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Interview with Responsive Design Expert Sara Wachter-Boettcher

03/25/2013

Our new Responsive Design Studio is coming up in just a few weeks! Join us in NYC, April 29-May 1, for three days with three multi-disciplinary experts: Sara Wachter-Boettcher, Jason CranfordTeague and Aaron Gustafson. Early Bird Registration ends this Friday, 3/30 so get your tickets now!

This week we sat down with Sara to pick her brain about Responsive Design tactics. Here’s what she had to say:

Rosenfeld Media: You came from a background in writing and editing. How does that experience apply to the content strategy consulting you do today, and what other skills did you have to learn?

Sara Wachter-Boettcher: Working in journalism, copywriting, and then web writing, I learned a lot about how to tell stories, set pacing—whether for a quick headline or a slowly unfolding feature—and communicate ideas. I learned to be consistent, yet lively. I learned how to adjust my communication style for my audience.

These are all skills I bring to content strategy work, but content strategy includes much more than just writing and editing, or even planning for writing and editing. It’s about having a clear sense of organizational goals, and defining how content is going to support them: What role will content play in achieving your vision? This takes a whole set of new skills, from interviewing stakeholders and helping them articulate big-picture ideals to identifying workflow problems to facilitating collaboration across groups that haven’t historically gotten along to understanding the systems that support content, like CMSes.

RM: What are some of the challenges you see organizations facing as they go about dealing with content?

SWB: Right now, mobile is such a tremendous challenge for organizations—and not just technically. Trying to make their existing content—which they often have a lot of—mobile-ready and accessible is a massive undertaking. And it’s not just because it’s hard work to clean up existing content and break it down into modular parts. It’s because doing so also means changing how the organization functions. So many of our content problems are really, at their core, organizational issues: departments that don’t talk to one another; leadership that can’t get the staff excited—and invested in—a vision; people creating content for their internal department, rather than for their audience.

You can’t just have people operating in silos creating “their” pages of content; you need people working together across disciplines to see their content as a system of interconnected assets—and that’s a big shift for both content creators and organizational structures.

In fact, the more I’ve worked on content strategy—and specifically on helping organizations adapt for mobile—the more I have come to realize that not only can I not just write all my clients’ content for them, I also can’t just make models and deliver “deliverables.” Instead, I need to spend the bulk of my time negotiating the people problems and political headaches that surround the content. That’s how content becomes sustainable in the long term.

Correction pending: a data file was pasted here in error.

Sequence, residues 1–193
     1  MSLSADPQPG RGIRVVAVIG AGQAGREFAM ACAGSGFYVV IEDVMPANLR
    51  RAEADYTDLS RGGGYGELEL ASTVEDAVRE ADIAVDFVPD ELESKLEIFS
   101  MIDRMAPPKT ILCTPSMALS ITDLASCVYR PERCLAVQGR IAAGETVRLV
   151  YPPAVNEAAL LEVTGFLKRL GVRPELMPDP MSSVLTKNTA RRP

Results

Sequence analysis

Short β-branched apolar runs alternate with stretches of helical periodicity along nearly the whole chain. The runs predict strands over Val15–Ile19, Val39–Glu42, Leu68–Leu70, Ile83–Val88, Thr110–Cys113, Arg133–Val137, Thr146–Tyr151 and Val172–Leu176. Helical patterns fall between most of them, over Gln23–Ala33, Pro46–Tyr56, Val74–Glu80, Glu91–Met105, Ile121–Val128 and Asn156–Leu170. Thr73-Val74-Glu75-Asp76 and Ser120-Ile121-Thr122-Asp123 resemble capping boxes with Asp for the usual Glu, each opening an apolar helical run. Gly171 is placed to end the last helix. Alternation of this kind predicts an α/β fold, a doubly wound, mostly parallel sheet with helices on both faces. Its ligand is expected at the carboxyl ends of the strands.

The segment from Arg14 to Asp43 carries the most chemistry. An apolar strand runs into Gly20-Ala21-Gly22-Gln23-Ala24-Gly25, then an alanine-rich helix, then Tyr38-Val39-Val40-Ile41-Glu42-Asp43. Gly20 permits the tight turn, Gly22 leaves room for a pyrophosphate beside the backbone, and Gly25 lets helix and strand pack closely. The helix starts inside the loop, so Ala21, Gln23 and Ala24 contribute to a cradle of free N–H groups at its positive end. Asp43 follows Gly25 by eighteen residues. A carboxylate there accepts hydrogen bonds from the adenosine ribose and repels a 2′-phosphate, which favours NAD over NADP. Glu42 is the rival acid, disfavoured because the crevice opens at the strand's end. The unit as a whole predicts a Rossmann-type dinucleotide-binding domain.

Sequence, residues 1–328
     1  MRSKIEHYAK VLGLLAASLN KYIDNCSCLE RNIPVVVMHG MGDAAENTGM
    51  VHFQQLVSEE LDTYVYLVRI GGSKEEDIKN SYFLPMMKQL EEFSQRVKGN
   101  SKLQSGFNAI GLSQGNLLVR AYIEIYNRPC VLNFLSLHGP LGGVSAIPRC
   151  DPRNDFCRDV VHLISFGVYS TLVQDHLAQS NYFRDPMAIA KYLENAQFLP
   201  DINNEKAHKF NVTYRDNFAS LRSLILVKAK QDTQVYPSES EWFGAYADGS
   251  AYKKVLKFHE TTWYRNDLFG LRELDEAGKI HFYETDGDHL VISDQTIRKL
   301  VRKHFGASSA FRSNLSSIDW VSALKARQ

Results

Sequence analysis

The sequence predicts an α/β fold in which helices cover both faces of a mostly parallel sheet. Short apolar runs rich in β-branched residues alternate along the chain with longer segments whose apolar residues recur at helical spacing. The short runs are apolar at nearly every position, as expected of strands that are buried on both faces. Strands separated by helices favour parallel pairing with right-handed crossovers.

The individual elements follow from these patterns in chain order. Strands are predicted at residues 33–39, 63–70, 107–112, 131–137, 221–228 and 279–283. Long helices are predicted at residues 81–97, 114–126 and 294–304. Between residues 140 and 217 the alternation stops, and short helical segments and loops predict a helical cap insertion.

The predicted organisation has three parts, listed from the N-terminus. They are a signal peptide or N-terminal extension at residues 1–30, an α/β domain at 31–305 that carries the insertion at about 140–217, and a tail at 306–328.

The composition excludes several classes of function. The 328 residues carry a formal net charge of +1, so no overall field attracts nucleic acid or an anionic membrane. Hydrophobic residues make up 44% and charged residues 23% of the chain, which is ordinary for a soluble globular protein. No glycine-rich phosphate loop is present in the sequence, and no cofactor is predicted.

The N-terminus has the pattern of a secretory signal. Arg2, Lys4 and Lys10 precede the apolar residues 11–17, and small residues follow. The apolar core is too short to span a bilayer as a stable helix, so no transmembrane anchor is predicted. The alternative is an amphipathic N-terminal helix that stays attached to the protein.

RM:So what are some of the most common misconceptions about mobile content?

SWB: I think the biggest one is still the idea that “No one would want to do that on their phone!” I hear it all the time as an excuse to remove content from a mobile site. It’s often tied to this notion that mobile users are “on the go”—that they only want quick information or are only performing certain tasks. Sure, some mobile users are rushing out the door or performing a quick task while waiting in line, but many studies have shown that people are using mobile devices all over the place: sitting on the couch, from bed, at work, everywhere. Google’s research even shows that more people browse the web on a smartphone from home than anywhere else.

So while you might re-prioritize content if you have actual data that shows mobile users are more likely to want specific things on a mobile device, it’s a huge problem to assume they will never want—and to remove access to—some content based on the device they’re using. As Karen McGrane says, “you don’t get to decide which device they use to access your content. They do.” People are going to use any device that is available to them to do anything they need to do. Why do we want to make choices for them?

RM: It sounds like organizations have a lot of work to do, then. Where should they start?

SWB: The key is to work toward baseline accessibility of content regardless of device, and that starts with revisiting all those legacy assets and cleaning out the gunk. Do you really need 10,000 pages of content? Why? For whom? Does that content need to be so long, or is it full of fluff and repetition? Asking these questions can help you pare all your content down to just what matters most—on mobile or anywhere else. From there, it’s a lot easier to start looking at improving the experience of content in different contexts by adding structure: breaking it into its constituent pieces and parts so it can be reformatted, reused, and reshaped to fit different displays.

RM: Thanks, Sara!

There’s still time to get the Early Bird Discount for our Responsive Design Studio on April 29-May 1 in NYC! Join Sara along with Jason CranfordTeague and Aaron Gustafson for a three-day intensive course that’s interdisciplinary by design (so bring your whole team). Hope to see you there!